Members of a translational research project supported by TFRI from 2012 to 2019 continue to make an impact with two recent publications in important medical research journals. The Alberta-based group, which focuses on improving treatment for patients with aggressive cancers, published new findings based on their early TFRI work in Biomaterials and Neuro-oncology.
The Biomaterials paper, published in May 2020, outlines how the team developed a series of peptides that, when injected into the blood, are able to cross the blood-brain-barrier (BBB) and “home” to glioma cells. This discovery could help deliver drugs and imaging agents into the brain that attach to tumours to improve how doctors see and treat cancers.
“The new technology we’ve created addresses some of the main challenges in brain tumour treatment, which include the difficulty to get things across the BBB and the ability of these treatments to adapt to tumours that are molecularly and phenotypically distinct,” said Dr. Stephen Robbins, a professor at the University of Calgary in the Departments of Oncology and Biochemistry and Molecular Biology, who co-led the team along with Dr. Donna Senger, a research associate professor in the Department of Oncology at UofC. “As a proof of concept, these peptides are being used to improve magnetic resonance imaging (MRI) as well as drug-delivery agents that target therapies directly to glioma cells.”
The team is now working on a partnership with a pharmaceutical company to use these peptides, known as MetaMx, to deliver drugs to the brain to improve outcomes for glioma patients.
Developing a unique model to study glioblastoma
The second study, published in Neuro-oncology (April 2020), presents an in vitro model of the lethal brain cancer glioblastoma (GBM) developed by the group.
According to Dr. Michael Blough, a staff scientist at the Clark Smith Brain Tumour Centre & Charbonneau Cancer Research Institute at University of Calgary, and one of the paper’s lead authors, this model is the first to recapitulate the unique genomic architecture of human GBM.
It is also the first model in which the initiation of GBM can be observed and investigated, enabling the evolutionary trajectory of the cancer to be studied.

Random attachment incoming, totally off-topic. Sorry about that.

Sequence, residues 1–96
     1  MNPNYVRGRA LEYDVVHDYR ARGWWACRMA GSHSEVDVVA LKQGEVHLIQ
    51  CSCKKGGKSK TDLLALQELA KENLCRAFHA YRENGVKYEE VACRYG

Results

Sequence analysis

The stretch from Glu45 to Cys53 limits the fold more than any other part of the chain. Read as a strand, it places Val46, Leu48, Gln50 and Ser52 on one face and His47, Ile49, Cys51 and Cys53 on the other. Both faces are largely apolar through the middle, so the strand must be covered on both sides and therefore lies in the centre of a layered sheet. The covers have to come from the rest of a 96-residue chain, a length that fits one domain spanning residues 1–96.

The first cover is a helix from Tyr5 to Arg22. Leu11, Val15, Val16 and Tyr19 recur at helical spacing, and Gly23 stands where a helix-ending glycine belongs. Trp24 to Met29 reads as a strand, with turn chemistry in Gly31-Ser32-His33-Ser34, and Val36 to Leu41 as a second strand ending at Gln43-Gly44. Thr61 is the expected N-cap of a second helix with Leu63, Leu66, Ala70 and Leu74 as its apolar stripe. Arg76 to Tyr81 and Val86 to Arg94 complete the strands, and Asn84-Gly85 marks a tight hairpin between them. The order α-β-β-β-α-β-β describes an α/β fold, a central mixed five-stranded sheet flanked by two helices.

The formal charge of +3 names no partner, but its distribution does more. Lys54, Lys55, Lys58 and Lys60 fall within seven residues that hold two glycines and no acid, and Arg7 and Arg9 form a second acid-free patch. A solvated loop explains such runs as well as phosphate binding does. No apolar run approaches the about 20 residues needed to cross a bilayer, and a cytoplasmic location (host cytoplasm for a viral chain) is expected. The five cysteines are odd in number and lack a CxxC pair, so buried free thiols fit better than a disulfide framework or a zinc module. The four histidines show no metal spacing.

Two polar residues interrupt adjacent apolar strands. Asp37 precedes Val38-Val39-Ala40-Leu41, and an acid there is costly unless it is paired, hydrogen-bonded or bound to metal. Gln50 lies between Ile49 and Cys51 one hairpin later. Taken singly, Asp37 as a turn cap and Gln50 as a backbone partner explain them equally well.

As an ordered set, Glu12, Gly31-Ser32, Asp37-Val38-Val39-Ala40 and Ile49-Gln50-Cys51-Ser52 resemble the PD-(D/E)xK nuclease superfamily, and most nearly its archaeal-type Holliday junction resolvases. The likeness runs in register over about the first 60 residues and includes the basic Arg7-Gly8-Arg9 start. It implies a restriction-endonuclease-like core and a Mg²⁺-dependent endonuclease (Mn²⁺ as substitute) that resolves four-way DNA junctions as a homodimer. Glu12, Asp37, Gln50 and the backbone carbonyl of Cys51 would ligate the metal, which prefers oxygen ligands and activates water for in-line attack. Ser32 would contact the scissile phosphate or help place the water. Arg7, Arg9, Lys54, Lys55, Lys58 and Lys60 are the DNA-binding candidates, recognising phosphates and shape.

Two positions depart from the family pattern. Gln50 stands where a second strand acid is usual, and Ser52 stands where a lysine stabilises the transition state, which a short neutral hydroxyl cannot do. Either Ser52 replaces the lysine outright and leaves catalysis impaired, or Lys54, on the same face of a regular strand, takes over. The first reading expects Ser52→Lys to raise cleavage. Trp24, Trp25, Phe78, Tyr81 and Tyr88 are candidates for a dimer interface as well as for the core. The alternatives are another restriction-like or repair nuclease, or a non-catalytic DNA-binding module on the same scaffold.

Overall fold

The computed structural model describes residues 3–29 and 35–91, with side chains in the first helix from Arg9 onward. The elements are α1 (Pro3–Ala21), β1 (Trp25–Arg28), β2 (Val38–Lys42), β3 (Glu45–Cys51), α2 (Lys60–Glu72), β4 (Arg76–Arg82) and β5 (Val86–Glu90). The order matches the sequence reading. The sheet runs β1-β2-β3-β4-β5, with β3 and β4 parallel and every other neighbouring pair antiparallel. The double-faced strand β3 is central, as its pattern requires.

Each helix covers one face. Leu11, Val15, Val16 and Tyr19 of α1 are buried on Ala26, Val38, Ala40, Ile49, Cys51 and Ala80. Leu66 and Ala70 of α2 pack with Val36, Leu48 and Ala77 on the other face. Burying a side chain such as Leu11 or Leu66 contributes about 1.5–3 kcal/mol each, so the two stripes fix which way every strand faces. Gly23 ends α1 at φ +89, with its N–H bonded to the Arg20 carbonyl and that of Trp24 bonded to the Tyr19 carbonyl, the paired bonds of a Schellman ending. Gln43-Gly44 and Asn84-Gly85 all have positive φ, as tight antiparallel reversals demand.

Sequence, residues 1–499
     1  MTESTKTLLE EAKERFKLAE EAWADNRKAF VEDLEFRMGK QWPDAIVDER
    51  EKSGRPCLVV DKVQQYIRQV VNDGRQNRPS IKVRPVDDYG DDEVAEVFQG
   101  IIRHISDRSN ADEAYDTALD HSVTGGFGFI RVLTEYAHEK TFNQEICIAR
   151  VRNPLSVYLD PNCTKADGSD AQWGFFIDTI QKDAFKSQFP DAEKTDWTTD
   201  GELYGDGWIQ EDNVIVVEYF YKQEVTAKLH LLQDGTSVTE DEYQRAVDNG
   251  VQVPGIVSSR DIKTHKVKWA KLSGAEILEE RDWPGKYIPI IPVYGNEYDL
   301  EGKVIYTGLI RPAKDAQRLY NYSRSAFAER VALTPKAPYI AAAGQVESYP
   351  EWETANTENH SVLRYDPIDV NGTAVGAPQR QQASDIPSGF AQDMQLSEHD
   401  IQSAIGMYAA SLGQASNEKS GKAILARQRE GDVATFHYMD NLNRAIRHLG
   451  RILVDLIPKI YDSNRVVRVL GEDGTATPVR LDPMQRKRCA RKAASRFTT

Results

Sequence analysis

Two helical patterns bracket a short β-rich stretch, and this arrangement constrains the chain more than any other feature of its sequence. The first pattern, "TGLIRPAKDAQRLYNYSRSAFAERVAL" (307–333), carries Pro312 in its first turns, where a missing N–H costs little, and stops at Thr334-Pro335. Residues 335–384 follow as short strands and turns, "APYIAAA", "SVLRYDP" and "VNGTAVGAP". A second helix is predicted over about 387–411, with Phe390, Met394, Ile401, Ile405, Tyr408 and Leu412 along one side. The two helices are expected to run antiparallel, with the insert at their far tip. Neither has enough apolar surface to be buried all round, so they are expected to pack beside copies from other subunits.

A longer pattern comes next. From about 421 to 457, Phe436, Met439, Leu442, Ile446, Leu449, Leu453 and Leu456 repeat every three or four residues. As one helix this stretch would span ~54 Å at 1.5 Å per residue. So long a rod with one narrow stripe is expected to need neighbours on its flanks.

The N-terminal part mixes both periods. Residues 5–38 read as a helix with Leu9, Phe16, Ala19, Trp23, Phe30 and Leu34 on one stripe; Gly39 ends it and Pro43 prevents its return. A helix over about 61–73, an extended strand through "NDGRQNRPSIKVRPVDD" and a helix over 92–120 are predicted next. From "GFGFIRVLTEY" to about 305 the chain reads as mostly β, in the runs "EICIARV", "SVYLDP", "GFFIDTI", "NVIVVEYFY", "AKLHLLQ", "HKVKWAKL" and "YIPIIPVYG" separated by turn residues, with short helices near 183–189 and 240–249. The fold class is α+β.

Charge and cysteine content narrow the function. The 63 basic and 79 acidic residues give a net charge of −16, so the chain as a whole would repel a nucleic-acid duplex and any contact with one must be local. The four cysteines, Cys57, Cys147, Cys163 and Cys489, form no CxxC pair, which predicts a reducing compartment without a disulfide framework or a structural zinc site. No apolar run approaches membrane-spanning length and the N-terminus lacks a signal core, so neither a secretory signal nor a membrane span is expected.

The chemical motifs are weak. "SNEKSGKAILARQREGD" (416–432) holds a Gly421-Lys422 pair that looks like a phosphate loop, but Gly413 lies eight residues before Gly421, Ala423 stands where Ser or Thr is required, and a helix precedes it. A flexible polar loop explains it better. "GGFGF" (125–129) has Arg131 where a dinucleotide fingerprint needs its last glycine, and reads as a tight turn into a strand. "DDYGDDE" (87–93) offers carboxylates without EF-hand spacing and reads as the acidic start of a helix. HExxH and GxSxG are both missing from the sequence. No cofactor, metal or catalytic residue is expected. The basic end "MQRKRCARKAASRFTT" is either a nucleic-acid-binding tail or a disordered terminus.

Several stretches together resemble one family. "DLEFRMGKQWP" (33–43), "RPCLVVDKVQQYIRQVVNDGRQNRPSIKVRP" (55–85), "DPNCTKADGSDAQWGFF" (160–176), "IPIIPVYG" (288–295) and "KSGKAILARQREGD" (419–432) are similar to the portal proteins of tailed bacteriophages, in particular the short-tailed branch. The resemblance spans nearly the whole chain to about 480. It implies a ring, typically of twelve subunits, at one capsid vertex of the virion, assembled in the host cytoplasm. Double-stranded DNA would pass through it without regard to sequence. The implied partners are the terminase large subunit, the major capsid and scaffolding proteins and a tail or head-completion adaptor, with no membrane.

“This model 'opens the door' for investigation into the earliest stages of GBM development,” said Dr. Blough. “This has always been a challenge, if not impossible. Our hope is that others will now use our model so we can increase the number of scientists and clinicians exploring the origins of GBM.”
Development of a peptide-based delivery platform for targeting malignant brain tumors
Jennifer J. Rahn, Xueqing Lun, Selina K. Jorch, Xiaoguang Hao, Chitra Venugopal, Parvez Vora, Bo Young Ahn, Liane Babes, Mana M. Alshehri, J. Gregory Cairncross, Sheila K. Singh, Paul Kubes, Donna L. Senger, and Stephen M. Robbins
In vitro modeling of glioblastoma initiation using PDGF-AA and p53-null neural progenitors
Alexandra K. Bohm, Jessica DePetro, Carmen E. Binding, Amanda Gerber, Nicholas Chahley, N. Dan. Berger, Mathaeus Ware, Kaitlin Thomas, U. Senapathi, Shazreh Bukhari, Cindy Chen, Erin Chahley, Cameron Grisdale, Sam Lawn, Yaping Yu, Raymond Wong, Yaoqing Shen, Hiba Omairi, Reza Mirzaei, Nourah Alshatti, Haley Pedersen, Wee Yong, Samuel Weiss, Jennifer Chan, P.J. Cimino, John Kelly, Steve Jones, Eric Holland, Michael Blough, and Gregory Cairncross
These two studies were partially funded by a Terry Fox Research Institute Translational Research Program Grant to Modeling and Therapeutic Targeting of the Clinical and Genetic Diversity In Glioblastoma Multiforme